There is no evidence of any widespread fraud in Tuesday’s election. But the concerns raised were bolstered by a number of problems in Pinal County, the state’s third-most populated county, located between Phoenix and Tucson. More than 63,000 ballots were mailed with the wrong local races on them, requiring new ballots to be issued. On election night, at least 20 of 95 precincts in Pinal County were running low on ballots or ran out entirely.
Sophia Solis, the deputy communications director of Arizona’s secretary of state, said voters could still cast a ballot at those precincts using voting machines that are typically used by disabled voters.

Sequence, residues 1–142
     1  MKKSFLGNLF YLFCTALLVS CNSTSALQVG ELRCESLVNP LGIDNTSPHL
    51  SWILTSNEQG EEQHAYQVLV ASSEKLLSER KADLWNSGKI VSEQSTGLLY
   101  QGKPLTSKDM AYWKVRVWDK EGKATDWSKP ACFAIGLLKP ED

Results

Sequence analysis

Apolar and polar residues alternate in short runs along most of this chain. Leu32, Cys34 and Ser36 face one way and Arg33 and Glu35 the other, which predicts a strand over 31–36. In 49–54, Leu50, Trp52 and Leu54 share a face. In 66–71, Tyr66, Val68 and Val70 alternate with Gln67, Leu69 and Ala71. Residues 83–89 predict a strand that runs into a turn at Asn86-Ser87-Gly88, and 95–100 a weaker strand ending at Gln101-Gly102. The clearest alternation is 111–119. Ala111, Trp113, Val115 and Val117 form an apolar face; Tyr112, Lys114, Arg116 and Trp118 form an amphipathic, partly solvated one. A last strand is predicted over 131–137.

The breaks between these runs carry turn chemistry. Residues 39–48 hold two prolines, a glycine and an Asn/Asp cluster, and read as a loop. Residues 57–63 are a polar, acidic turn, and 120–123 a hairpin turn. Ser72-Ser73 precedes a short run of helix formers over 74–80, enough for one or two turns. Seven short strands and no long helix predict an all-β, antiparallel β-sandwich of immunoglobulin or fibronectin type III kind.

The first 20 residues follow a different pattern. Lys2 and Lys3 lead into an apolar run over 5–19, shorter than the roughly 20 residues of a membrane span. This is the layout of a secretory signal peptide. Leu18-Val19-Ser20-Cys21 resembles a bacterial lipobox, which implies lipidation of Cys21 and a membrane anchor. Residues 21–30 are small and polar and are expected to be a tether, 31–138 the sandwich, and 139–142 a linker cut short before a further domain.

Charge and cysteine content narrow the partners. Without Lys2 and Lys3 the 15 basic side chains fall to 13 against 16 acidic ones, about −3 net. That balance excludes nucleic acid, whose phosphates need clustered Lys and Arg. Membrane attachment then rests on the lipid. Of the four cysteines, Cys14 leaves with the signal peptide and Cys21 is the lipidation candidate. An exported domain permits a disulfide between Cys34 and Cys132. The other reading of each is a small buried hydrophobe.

“We did not hear of any widespread problems,” Ms. Solis said, adding that “one of the main issues that we did see yesterday was the spread of mis- and disinformation.”
Kent Volkmer, the attorney for Pinal County, said there were more in-person voters in the county than had been seen before, including far more independent voters. He added that many voters surrendered their mail-in ballot so they could vote in person, possibly motivated by the ballot-printing issues.